The miserable days of winter might dissuade one from venturing forth to the plot, but it is the ideal time for reviewing one’s seed collection, browsing catalogues, and deciding what to sow in the coming season. Whilst there is generally some time left for this task, some plants need an early start for best results, so it was time to look through the seed box and check the pepper, chilli, aubergine, and tomato seeds, which will probably form the first sowings of the season, any time from the end of January through to March. Peppers, chillies, and aubergines generally take a couple of weeks to germinate and are not too quick to get established, so are good candidates for early sowing. If the germination or early growth of the first batch is poor, there is then time for a further sowing. Tomatoes germinate more quickly and establish themselves much more readily, so I tend to sow those two or three weeks after the peppers.
After several seasons, we are starting to sort out a list of varieties that give us good, consistent results, under our growing conditions and methods of cultivation. I would like to get to the point where we are more or less stable, having a set of preferred varieties for each sort of fruit and vegetable we are growing, and then just trying a few new sorts each year, so that things are manageable. For many vegetables, the list is fairly stable already, but as we have grown so many varieties of sweet and hot peppers and tomatoes, our selection is still a bit variable.
After trying quite a few different sorts, my favourites thus far are the large block peppers from Asti – Quadrato d’Asti Rosso and Giallo, ripening from green to red and yellow respectively. Whilst sweet peppers are a bit of a lottery, needing a reasonable late summer and early autumn to ripen much of the fruit, even with the protection of the polytunnel or glasshouse, these seem to perform quite well. The fruits are often of a large size, are borne in good numbers, and have a very good flavour and meaty texture once ripened.
Despite last year’s plants failing to develop properly, I would also like to give Antohi Romanian a second chance. This small, somewhat tapered, heirloom sweet pepper ripens from pale yellow to red, and looks quite interesting. If it fails to produce a decent crop this year, it will be expunged from the list. I also have some seed of Doux Trés Long des Landes from last year, two plants of which were grown in the ‘chilli house’ even though this is a sweet pepper. They appear to produce a decent crop of very long and thin peppers, which ripen well, from green to red, and certainly seem worth trying for a second season.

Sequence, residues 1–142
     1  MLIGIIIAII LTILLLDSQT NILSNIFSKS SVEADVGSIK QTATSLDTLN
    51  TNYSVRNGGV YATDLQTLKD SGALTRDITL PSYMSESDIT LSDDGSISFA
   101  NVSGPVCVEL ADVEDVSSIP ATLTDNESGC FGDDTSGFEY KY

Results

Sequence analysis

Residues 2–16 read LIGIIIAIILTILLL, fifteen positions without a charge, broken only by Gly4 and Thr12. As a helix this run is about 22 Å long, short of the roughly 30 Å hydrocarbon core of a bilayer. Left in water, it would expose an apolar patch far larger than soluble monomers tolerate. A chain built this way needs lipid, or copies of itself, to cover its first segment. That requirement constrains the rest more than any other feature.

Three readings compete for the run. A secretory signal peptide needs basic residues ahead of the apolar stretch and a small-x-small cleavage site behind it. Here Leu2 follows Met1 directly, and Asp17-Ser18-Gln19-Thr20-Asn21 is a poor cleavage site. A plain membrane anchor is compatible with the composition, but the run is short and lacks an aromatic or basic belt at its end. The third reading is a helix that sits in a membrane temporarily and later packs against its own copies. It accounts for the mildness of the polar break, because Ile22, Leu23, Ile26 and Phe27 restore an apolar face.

I have often grown Sweet Banana, which has never failed to produce a huge crop of pale green peppers, and may well sow a couple this year. These will ripen to an orange-red if left for a long time, but their flavour does not seem to improve much with the ripening and they are ideally taken when pale green. They are quite early to reach this stage, usually before any of our other sorts are ripe. They are, perhaps, an acquired taste and neither of us is that fond of green peppers in general, but Sweet Banana can be quite good fried or cooked in various dishes, as well as raw in salads and such. When fried, they are much like those peppers often served as a first course in various Mediterranean regions.
I also have some seed of Marconi, a red bull’s horn type, and several packets of California Wonder, which came free with various magazines, but neither of these has impressed me much in the past, so I am reluctant to give them precious space in the glasshouses or polytunnel. I have discarded some older seed of Corno Rosso and Giallo, as these have never produced such a good crop, being, in our experience, slow to germinate and struggling to become established early enough to bear and then ripen their fruits.
Chillies are one of my favourite things to grow. After the spring rush, our smallest glasshouse is turned over entirely to the production of chillies of various sorts. The ‘chilli house’ can accommodate 44 plants in 10 litre pots, 20 of which are reserved for Hungarian Hot Wax, which I grow for pickling.
There is such an incredible diversity of chillies that selecting just a few is rather challenging. Nonetheless, over the last few years, I have developed a selection that appears regularly:
- Padron – a ‘tapas’ pepper, typically eaten when green, when only a few will be hot, but also excellent when fully ripened to a fruity medium heat
- Jalapeno – the classic Mexican chilli pepper, with medium heat; I allow some to ripen to red whilst others are picked at the green stage